Haunted Scotland looks at the increasingly interesting area of on-site live audio interaction, allegedly communicating with spirits or non-physical energies. This is achieved using either modified fast scanning radio device, or the Echovox application, prompting manipulation by any alleged spiritual beings.
In this section, you will find a whole host of such captures, to explore at your leisure. All future work will be placed under the Ghost Voices label.
In conjunction with the audio capture of a boy apparently singing and reports of some locals who have also witnessed ghostly going-ons at this fantastic location, we have all the conditions for what may be a very active mysterious castle in Scotland.
Linlithgow Palace, situated 15 miles from Edinburgh, lies in a strategic position dominating the supply line between Stirling Castle & Edinburgh Castle.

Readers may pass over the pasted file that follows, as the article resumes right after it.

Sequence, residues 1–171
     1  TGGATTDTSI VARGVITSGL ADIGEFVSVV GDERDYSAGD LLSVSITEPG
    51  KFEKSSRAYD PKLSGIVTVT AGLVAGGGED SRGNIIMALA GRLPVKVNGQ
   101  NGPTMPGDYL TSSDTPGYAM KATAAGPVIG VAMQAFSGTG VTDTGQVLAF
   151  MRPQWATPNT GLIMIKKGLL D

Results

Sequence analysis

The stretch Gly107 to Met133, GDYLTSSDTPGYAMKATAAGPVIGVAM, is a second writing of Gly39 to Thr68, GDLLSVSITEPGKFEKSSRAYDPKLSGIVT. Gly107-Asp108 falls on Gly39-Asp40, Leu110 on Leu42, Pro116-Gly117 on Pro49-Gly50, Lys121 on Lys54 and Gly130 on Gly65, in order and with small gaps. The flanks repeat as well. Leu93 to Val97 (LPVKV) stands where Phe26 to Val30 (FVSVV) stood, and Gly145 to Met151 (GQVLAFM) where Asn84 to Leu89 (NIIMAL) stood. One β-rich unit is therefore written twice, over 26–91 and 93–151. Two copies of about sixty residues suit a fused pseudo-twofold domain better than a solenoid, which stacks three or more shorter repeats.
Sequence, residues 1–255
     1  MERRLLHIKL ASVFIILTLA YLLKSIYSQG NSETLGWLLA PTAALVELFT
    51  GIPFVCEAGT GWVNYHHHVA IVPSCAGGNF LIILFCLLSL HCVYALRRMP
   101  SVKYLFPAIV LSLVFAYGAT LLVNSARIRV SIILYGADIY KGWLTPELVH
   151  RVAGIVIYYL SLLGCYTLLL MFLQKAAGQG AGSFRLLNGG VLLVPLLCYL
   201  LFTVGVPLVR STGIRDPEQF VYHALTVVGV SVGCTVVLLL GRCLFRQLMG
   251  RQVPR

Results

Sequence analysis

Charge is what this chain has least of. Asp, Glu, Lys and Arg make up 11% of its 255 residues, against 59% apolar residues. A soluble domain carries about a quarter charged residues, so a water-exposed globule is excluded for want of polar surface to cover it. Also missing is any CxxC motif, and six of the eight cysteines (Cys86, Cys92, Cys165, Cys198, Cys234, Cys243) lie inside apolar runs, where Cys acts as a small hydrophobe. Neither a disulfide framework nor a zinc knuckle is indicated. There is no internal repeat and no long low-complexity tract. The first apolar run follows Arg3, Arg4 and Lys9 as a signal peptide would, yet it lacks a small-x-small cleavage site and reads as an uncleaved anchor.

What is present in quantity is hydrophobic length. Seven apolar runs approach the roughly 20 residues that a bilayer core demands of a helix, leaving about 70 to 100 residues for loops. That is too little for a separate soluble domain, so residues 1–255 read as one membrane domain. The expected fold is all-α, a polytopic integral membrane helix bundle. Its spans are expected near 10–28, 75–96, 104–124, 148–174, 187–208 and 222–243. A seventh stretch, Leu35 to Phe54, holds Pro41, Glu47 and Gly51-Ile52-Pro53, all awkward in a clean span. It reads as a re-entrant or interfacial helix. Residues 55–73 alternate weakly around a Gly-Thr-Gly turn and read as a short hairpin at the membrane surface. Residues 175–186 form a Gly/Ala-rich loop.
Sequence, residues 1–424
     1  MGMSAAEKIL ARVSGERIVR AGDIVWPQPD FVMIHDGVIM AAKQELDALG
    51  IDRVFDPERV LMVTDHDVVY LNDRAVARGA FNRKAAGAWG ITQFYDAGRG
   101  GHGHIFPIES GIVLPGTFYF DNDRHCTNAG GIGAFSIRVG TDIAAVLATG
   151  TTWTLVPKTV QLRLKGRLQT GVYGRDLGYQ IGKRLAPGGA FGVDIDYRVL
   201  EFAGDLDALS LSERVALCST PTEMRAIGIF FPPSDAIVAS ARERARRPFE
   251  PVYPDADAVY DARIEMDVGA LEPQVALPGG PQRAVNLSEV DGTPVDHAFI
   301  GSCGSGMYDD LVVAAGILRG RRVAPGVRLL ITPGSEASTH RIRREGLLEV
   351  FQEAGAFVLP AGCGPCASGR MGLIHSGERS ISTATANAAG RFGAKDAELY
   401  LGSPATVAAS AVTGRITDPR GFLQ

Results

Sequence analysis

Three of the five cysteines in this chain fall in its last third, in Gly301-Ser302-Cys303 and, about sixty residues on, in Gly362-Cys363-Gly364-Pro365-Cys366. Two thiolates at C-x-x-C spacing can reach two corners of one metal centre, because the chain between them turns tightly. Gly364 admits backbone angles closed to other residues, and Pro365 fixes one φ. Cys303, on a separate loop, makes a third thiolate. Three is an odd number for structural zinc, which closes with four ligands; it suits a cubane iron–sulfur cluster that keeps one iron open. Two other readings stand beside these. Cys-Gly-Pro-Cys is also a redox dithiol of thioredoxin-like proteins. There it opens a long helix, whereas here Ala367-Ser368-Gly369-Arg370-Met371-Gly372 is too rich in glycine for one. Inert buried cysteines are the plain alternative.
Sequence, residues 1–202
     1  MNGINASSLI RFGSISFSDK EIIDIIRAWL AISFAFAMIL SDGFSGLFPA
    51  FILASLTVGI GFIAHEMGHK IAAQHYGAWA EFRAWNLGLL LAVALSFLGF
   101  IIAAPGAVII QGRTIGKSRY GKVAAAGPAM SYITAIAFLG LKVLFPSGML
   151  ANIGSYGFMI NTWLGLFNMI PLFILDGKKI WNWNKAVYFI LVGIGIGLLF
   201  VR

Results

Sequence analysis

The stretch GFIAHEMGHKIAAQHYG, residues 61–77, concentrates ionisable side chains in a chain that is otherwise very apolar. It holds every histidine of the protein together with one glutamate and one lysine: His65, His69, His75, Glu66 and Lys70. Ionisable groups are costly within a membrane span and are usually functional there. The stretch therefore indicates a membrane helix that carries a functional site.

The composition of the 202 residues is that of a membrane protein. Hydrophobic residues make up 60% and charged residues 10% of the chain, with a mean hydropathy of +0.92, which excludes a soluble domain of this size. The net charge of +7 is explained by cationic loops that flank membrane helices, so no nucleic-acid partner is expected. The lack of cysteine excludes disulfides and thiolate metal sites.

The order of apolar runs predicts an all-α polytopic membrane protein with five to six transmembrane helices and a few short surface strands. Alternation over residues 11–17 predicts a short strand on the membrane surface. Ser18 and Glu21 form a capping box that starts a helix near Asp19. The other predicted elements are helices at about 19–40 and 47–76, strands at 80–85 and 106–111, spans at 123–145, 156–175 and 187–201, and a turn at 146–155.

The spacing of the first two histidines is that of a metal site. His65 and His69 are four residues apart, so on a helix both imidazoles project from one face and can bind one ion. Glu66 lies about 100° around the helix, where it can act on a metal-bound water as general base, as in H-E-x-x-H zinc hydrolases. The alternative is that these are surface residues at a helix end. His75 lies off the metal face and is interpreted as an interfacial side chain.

It was one of the main residences for Scotland’s monarchs from the 15th century, however, after Scotland’s the unification with England in 1603, the palace was scarcely used and fell into disrepair, suffering extensive burning in 1746.
Queen Margaret’s Tower at the top of one of the stair towers, is said to be haunted by Mary of Guise, waiting for the return of her husband, James V.
The following Cam footage and Audio was recorded by Ryan O’Neill of Haunted Scotland during March 2016, full analysis and video creation was by Christopher Huff.
I’ve written extensively about the audio application software Echovox, providing information on how to get the most out of it, and even constructing a working hypothesis on the what, where, and when, on operation and probabilities.
Yet, still we have a few who are going to grab the old way of thinking and proclaim it ‘fake’ without doing any of the above – working hypothesis – and refusing to show one when asked for said workings.
The Pearce Institute at Govan Cross was designed by Sir Robert Rowand Anderson in the style of a very large 17th century Scottish townhouse. It was commissioned to be built by Lady Dinah Pearce in memory of her husband Sir William Pearce, MP of the Fairfield Shipyard, who died in 1888. Work took place from 1902 and was completed in 1906.
The following video contains audio from the public investigation on the 10th January 2015 at this location.